Almost 14 years have passed since Ahab coined the genre tag “Nautik Funeral Doom” to describe their balance of oceanic murk and melancholy. Considering the band is named after Moby Dick‘s iconic Captain, it’s not a surprise they conjured a concept album based on the Herman Melville classic. The magic that emerged from the depths of their musicianship landed that concept album (The Call of the Wretched Sea) in Decibel‘s list of the top 100 Doom Metal records of all-time. As dB‘s Matt Solis wrote in that special issue, “the entire album sounds like you’re bring dragged to the bottom of the ocean by a gargantuan monster from beyond the stars.” From the sorrow-soaked lead guitars of “Below the Sun” to the agile crunch of “Old Thunder,” it’s an album that travails funeral doom’s familiar territory and uncovers brutal new hunting waters. The album’s gentlest waves shroud the danger lurking beneath the surface. Now Ahab are releasing Live Prey, a live performance of their debut courtesy of Napalm Records on June 26th.
Recorded without the band’s knowledge while performing at Jena’s Death Row Fest 2017 in Germany, the performances unveil the songs in their final evolved form. Each song eclipses ten minutes as time surrenders to the band’s patient grooves and forlorn melodies. Live Prey elevates the impact of each song with ominous atmosphere. The shimmering intro of “Ahab’s Oath” drowns in a maelstrom of distortion. Now repurposed as the album’s finale, “The Hunt” begins with a chilling monologue from John Huston’s Moby Dick adaptation before lulling the listener into a hypnotic state. When the song eventually erupts it’s like a hole smashed through a ship’s hull. The album carries the weight of a thousand sea burials, and rewards die-hards and newcomers alike.
Stream Ahab’s Live Prey below and experience these amazing songs anew. Scroll further and read thoughts from Ahab drummer Cornelius Althammer about the recording and their debut’s lasting impact. But first, press play and succumb to the damp, drizzly November in your soul.
Decibel Magazine interview with Ahab drummer Cornelius Althammer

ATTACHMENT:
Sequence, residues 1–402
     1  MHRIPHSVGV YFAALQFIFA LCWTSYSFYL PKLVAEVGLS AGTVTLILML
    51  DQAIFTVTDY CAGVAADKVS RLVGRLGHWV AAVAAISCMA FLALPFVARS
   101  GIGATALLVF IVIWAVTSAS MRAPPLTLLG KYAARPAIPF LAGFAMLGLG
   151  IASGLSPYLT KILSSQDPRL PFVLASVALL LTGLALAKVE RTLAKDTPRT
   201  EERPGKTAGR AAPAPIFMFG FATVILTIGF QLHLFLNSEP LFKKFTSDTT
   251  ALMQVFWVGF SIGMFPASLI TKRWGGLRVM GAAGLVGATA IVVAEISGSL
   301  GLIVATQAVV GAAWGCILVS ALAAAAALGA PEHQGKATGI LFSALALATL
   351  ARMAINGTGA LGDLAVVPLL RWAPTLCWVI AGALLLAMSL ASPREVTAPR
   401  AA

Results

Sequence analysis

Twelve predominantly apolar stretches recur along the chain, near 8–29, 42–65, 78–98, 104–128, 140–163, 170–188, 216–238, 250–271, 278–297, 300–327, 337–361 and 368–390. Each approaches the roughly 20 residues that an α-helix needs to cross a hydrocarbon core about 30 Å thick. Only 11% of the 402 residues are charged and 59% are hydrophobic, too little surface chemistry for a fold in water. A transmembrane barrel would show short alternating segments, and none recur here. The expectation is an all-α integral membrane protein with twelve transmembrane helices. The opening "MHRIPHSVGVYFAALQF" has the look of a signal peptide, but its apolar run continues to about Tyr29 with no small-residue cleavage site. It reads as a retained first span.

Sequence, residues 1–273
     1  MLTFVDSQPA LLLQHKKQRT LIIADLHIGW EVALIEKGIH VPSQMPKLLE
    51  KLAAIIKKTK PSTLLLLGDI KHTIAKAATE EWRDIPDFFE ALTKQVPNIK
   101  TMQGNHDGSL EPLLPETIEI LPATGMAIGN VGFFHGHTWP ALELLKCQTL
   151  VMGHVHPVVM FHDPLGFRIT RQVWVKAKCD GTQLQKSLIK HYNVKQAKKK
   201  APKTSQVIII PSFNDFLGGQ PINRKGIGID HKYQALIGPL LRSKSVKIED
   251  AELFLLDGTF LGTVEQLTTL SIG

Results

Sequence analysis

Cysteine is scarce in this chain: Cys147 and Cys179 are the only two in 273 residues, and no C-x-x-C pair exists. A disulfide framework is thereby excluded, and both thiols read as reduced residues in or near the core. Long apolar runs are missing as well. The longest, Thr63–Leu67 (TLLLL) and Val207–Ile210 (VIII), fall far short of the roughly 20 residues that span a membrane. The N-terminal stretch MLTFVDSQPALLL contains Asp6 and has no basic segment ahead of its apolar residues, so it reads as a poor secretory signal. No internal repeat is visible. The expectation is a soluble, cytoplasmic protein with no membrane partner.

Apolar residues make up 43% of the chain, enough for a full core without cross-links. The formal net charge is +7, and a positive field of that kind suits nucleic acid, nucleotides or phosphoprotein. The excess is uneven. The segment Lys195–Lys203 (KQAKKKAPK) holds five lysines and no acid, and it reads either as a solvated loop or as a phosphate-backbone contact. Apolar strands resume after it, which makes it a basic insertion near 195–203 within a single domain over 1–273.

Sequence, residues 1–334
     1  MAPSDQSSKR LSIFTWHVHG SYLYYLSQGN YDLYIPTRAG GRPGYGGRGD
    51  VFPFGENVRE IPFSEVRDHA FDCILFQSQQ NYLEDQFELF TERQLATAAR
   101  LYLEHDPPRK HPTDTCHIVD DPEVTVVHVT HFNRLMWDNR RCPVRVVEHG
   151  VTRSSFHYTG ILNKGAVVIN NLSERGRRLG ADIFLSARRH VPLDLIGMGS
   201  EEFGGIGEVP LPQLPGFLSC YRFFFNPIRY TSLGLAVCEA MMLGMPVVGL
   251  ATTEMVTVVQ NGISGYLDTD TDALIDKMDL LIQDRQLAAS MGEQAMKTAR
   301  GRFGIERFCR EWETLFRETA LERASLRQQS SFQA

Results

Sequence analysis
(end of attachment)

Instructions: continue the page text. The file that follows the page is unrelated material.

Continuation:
It has been almost 14 years since the release of The Call of the Wretched Sea. How do you view your debut now, after three other studio albums and so much distance?
Cornelius Althammer (Drums): Well, for me it feels like the typical first album. It has this certain mood that is spread by bands who discover musical territory which has been unknown to them, so far. It has charm. It is far from perfect in terms of songwriting, performance (especially my drumming) and production, but I guess exactly this is what it is about.
These tracks were taken from a show in 2017. What about the concert felt memorable to you as a performer?
CA: Since I live in the city where the show took place it was this typical “show in front of your friends.” So it was special fun to play. But for me it’s always fun to play, so this doesn’t count so much. What actually is remarkable about this show is the fact that when we played, we didn’t know it was being recorded. Seen from the perspective of now, two weeks before this very show is being released to the public this was probably the fact that made this recording worth being released. I guess it may affect your performance in a positive way if you don’t know that it’s being recorded.
I noticed Live Prey‘s track order is different from the original album. What inspired you to change the order of the last two songs?
CA: One of the many small things that were worth being changed compared to the original album. “The Hunt” simply has to be the last track of the album. Seen from the musical perspective, seen from the lyrical content, seen from all perspectives. Any different order doesn’t make sense.
Have you been working on new music since The Boats of the Glen Carrig?
CA: Oh yes. We took a long break from writing music, even for Ahab-conditions. But now we´re on it!
Pre-order Ahab’s Live Prey merch from Napalm Records HERE
And follow Ahab for aquatic adventures and future announcements HERE